– Conventional education has lied to us. In the past, inductive and deductive logic were held up as the standard. We were taught essays outflank stories. Winning arguments was the skill to acquire, the potent muscle to flex. Why connect with a consumer when you can conquer them by being right? The goal was a scientific sterility that brands hoped would translate into trust. Instead, of course, it translates into self-righteousness at best, and at worst, deceit.
– Everyone hates pain. McKee says there are two overarching forces in the universe: pain and pleasure. Everything else we experience falls under one of those two umbrellas. And since they’re such oppositional forces, marketers tend to believe one must be avoided to emphasize the other.
Unfortunately though, these lines of reasoning are boomerangs. Appearing smart backfires when your audiences feel belittled or incapable of doing something on their own. Winning arguments with logic only benefits one party in the exchange (guess who!), and the most deeply satisfying pleasures in life indubitably involve pain.
Ready for Honesty?
The better way is to level with your audience.
Drop the veneer.
Evoke curiosity by showing an incident that throws someone’s life (or even your own brand) out of balance.
Violate expectations with honesty.
Deposit a silent question in your viewers’ minds: “How will this turn out?”
Plant an object of desire into a protagonist’s heart by allowing believable pain, realistic fear, and a heart-wrenching choice.
Force your character to relinquish something good for the sake of finding something much better.
Do this, and the unstoppable response from audiences is a gut level empathy that has nothing to do with your product’s features and benefits. Instead, you’ve given audiences the gift of experience. The feeling of hope – even on behalf of someone else like a story’s character – is an emotion that lets tension do its risky work in the brain of viewers and readers. Without the uncertainty, the stress, the concern… there is no rewarding joint exultation from audiences when the hero pulls through against all odds.
If your first attempts at brand storytelling feel forced, phony, or foolish, you’re probably right – they likely are. You and your team aren’t screenwriters or novelists. And your agency is likely great at getting attention, not keeping it. That’s why there are resources like the one-day STORYNOMICS™ event, ongoing training from experience-driven thought leaders at the Content Advisory, and the growing pool of inventive content creators recently laid off by traditional media outlets struggling to adapt.
But that’s you. I have a story to finish:
Across the small theater, heads lifted, pens slowed, and brows furrowed. Negativity was the answer? A villain? Hostile forces of antagonism? Crucial choices and loss, either way? This is the guru’s answer?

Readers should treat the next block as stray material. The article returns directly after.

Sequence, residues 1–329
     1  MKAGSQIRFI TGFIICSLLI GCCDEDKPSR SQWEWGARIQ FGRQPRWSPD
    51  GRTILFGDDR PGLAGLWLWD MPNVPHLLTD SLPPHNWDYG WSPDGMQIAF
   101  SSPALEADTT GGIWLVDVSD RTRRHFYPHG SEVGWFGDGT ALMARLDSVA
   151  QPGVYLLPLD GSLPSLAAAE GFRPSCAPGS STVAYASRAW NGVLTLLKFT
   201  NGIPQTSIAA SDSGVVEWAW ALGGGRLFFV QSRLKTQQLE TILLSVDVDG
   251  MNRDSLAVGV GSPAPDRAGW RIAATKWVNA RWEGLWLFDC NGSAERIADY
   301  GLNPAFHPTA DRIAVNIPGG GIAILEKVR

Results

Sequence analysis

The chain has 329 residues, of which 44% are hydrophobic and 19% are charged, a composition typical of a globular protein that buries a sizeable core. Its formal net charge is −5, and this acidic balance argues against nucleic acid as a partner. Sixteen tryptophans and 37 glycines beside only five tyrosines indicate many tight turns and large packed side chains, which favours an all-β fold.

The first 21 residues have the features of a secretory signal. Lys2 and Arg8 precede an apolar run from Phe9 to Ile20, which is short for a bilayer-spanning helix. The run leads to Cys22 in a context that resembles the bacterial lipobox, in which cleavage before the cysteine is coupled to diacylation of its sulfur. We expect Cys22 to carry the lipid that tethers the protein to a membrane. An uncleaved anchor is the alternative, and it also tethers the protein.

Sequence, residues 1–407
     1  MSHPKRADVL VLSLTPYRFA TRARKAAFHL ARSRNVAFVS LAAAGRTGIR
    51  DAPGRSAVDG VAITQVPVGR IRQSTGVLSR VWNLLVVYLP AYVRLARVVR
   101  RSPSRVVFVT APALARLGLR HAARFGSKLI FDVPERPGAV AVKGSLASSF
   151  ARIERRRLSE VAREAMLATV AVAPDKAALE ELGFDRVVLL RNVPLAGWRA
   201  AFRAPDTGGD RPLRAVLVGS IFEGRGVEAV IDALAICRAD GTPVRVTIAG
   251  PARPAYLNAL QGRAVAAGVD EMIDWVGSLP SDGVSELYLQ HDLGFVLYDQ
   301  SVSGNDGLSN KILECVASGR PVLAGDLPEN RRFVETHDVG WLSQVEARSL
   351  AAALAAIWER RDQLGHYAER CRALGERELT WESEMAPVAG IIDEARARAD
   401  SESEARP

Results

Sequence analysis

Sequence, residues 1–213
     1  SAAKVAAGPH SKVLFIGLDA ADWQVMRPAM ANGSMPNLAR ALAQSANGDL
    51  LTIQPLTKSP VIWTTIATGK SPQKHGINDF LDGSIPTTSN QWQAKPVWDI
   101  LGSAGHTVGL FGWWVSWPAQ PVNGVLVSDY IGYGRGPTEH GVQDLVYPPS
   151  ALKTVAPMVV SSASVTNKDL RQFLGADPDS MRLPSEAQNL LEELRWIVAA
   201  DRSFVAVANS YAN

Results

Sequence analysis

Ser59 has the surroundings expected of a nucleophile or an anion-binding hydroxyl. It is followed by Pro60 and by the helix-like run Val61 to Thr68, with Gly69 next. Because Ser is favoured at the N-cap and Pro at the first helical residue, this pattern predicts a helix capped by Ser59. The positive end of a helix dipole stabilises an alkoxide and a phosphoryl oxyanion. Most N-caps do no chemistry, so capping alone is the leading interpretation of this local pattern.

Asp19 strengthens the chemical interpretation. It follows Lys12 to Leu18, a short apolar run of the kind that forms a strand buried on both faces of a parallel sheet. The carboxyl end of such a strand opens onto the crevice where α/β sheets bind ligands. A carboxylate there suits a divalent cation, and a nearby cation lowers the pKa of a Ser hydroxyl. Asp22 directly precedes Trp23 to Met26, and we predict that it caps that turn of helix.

Yes, it is.
We all came to the STORYNOMICS™ seminar with the desire to incorporate story elements into our marketing philosophies. In fact, some of the attendees were visibly hungry for the information. But eagerness doesn’t mean readiness. The brands represented seemed to crave the secret sauce they’d been missing, but when McKee delivered it, a gravity settled over the crowd.
Later, talking with other attendees and listening to the Q&A session, I got the impression listeners dreaded going back and pitching the candid truth to executives and board members. I even sensed they’d already tried and failed to convince stakeholders that an authentic portrayal of the uphill struggle of simply being a human today would resonate.
And get this: Having just learned about the eight stages of Story Design, I realized I was watching a number of stories unfold. Every protagonist here had experienced disruption in their industries. And every person in attendance (myself included) had decided to take action by travelling to New York City to hear the Master himself. Now, they all faced their own antagonistic fears and critics. And every protagonist represented at the seminar now had that one final, critical choice to make. (Not sure what “critical choice” means? Just conjure up the memory of your favorite movie’s final climactic scene.) The choice that would conclude each marketer’s story as a tragedy or a triumphant victory.
The crowd dissipated that evening, and as I watched, I knew (as a consumer) that I would soon see branded content from the teams these people returned to. The only thing left to determine is whether these spots will show the addictive truth of real life or the usual, predictable, boring and untrue depiction of happy, happy, happy.